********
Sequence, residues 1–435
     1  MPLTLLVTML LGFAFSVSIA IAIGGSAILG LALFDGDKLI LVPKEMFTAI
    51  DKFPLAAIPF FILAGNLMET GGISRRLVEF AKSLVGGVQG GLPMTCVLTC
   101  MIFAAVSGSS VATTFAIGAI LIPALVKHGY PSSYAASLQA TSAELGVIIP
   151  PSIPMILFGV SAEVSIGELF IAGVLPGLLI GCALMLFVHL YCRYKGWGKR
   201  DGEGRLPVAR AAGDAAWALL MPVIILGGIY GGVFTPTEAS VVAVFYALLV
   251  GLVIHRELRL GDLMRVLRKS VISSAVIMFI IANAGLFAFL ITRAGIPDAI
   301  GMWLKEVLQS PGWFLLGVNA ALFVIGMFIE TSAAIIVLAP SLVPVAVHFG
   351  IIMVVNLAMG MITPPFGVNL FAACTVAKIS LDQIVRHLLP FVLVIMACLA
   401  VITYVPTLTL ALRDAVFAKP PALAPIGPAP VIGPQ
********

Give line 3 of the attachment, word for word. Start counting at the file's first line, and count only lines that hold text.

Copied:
    51  DKFPLAAIPF FILAGNLMET GGISRRLVEF AKSLVGGVQG GLPMTCVLTC